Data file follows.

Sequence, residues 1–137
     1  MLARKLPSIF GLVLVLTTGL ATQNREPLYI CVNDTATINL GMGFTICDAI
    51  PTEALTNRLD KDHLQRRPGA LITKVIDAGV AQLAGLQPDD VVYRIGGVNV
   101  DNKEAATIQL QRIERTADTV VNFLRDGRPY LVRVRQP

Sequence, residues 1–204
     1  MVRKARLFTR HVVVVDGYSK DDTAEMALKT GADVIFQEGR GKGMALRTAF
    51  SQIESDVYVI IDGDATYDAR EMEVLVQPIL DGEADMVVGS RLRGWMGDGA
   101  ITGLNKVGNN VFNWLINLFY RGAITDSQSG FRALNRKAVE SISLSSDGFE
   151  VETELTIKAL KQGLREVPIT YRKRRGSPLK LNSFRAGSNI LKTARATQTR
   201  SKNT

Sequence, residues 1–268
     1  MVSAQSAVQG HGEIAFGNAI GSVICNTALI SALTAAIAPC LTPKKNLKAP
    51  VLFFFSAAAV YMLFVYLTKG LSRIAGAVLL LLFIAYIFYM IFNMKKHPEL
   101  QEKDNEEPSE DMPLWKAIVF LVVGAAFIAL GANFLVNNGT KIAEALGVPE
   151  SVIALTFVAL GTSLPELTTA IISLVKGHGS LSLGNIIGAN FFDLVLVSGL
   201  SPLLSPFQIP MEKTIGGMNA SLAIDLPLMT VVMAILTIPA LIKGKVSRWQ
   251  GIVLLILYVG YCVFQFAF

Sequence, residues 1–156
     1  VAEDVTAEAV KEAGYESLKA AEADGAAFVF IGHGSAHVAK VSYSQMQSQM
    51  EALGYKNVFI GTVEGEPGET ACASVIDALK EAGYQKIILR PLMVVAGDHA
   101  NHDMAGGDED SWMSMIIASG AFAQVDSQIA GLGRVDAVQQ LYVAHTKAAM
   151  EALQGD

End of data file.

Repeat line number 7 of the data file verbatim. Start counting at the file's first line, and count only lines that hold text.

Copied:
    51  SQIESDVYVI IDGDATYDAR EMEVLVQPIL DGEADMVVGS RLRGWMGDGA